To accompany my novel in progress: Breaking Bread, welcome to Le Boulangerie!
Week three and I’m already sort of going off script. Pierogi are not baked but they are made of dough so…. And I have a good reason for featuring them this week: Pittsburgh. (And don’t be confused, I am from Philadelphia, not Pittsburgh.) For those of you outside the United States and those who pay zero attention to sports, here’s the connection: I am a Pittsburgh Steelers football fan. (Steelers fan in Eagles territory…) The Steelers are in the playoffs. This Sunday they played and won their game against the Kansas City Chiefs in what can only be described as an ugly win. Nevertheless, the playoffs demand a party and a party demands food and drink.
Any city like Pittsburgh with a vibrant Polish and Eastern European community, will certainly be known for the foods of that ethnic origin–pierogi, for example. Pierogi are pockets of dough filled with a variety of ingredients. A traditional pierogi is most often filled with a combination of potatoes and cheese, potatoes and onions or cabbage. In honor of the Steelers, my friend Alexandra, armed with her Ukrainian grandma’s recipe, agreed to show us how to make pierogi from scratch on Sunday afternoon. I feel an annual tradition starting…
Now, right at the beginning I have to warn you, this was neither quick nor easy but it was so totally worth it. The key to this entire process as you might imagine is the dough:
- 1 cup of whole milk, scalded
- 1/2 stick of butter
- 1 cup warm water
- 1 teaspoon of active dry yeast
- 1 teaspoon salt
- 1 egg
- 6 – 7 cups of flour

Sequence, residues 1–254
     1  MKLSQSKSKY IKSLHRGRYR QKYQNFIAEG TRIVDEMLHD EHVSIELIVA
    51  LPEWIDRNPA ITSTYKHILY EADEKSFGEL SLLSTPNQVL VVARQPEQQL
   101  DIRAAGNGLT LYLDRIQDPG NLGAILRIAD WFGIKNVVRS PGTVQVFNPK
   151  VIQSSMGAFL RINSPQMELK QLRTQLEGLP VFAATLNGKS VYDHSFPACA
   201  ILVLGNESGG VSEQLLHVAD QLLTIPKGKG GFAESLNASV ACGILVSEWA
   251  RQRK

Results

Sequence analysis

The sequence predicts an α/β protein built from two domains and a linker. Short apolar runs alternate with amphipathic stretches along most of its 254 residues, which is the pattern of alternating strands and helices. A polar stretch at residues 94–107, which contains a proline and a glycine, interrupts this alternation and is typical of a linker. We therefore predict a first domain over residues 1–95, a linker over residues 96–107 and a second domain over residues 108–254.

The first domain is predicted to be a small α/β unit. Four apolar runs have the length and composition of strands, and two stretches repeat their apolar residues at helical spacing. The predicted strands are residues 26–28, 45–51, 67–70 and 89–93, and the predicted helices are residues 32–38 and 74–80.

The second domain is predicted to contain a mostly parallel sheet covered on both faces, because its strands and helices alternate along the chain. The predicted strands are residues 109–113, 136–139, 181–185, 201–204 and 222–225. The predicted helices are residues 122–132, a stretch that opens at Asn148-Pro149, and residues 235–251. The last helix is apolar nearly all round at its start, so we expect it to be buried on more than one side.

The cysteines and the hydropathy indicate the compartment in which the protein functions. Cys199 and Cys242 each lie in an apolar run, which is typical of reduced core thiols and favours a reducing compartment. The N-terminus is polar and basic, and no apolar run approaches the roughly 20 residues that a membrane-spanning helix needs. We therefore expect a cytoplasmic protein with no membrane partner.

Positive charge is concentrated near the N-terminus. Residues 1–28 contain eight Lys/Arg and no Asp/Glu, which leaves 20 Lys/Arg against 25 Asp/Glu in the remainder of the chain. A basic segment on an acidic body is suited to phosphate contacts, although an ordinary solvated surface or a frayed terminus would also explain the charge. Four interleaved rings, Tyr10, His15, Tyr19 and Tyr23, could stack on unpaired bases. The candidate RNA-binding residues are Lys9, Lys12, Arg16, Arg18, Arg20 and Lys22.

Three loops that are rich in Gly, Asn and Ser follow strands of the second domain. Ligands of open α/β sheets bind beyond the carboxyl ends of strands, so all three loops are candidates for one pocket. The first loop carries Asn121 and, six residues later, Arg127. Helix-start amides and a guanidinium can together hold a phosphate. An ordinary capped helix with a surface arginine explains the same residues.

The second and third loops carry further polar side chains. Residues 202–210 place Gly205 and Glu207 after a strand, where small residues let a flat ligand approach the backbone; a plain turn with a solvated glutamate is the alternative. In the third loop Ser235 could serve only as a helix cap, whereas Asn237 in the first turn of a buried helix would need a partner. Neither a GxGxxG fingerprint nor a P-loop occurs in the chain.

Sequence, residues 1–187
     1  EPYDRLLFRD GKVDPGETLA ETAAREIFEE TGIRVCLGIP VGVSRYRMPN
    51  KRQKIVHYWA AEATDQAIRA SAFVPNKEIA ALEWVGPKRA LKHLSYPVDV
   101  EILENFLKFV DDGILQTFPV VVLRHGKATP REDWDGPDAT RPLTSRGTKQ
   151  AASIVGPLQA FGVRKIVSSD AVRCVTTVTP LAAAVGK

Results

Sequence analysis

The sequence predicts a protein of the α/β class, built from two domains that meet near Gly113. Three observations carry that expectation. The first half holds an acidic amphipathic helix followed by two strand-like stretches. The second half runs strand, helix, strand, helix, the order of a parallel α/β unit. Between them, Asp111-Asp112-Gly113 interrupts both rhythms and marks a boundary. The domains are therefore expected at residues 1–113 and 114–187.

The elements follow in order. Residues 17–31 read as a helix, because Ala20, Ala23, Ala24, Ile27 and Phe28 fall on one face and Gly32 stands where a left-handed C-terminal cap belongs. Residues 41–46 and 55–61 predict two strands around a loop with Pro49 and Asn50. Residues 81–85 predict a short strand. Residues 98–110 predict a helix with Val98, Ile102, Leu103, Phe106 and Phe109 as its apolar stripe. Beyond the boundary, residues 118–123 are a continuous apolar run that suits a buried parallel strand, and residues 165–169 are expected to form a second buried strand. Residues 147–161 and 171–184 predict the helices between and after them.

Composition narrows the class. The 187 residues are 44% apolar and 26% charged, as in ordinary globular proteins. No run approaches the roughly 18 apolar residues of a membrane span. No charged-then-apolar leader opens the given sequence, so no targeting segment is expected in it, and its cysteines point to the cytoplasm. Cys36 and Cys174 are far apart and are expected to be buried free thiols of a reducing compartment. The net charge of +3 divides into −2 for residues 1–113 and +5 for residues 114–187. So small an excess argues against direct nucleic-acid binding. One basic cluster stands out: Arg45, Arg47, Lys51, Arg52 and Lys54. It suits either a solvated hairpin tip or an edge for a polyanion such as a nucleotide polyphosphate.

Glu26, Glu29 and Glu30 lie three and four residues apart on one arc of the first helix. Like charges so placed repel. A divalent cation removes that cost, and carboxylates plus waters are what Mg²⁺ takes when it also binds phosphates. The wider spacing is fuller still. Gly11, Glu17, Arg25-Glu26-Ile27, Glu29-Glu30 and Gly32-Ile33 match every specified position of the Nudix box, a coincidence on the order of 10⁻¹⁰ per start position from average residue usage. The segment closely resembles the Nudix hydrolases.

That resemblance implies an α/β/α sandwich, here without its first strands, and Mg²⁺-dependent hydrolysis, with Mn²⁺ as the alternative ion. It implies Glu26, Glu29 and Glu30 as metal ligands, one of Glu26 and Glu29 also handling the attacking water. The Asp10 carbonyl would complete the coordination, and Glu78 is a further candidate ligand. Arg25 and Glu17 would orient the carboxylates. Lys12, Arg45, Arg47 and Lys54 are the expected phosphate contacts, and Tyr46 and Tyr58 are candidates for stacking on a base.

Scald milk in saucepan. Put butter in hot milk to melt. Allow to cool for a few minutes. Mix water and yeast in a separate bowl. Let rest 5 minutes. Add salt and egg to milk mixture. Combine thoroughly. Gradually add flour in with mixer. As dough thickens, knead by hand instead (or switch to dough hook if using a stand mixer). Cover bowl with cloth and allow dough to rise about an hour.
Then the dough gets rolled out to about an eighth inch thickness and cut into rounds:
When the rounds are ready, it’s time to fill them. Ours were stuffed with mashed Yukon gold potatoes, cheddar cheese, green onion and bacon. Fold the round over the stuffing mixture, seal with egg wash and use the tines of a fork to crimp the edges.
The filled pierogi go into a pot of boiling, salted water for a few minutes and then into a pan for frying in butter to a light golden brown.
And no Ukrainian or Polish meal would be complete without kielbasa, purchased at a butcher shop in northeastern Pennsylvania (coal mining country) another area with a large Eastern European community. We’re calling Pierogi fest 2017 a huge success!
And did I mention the Steelers won? Yeah, that too!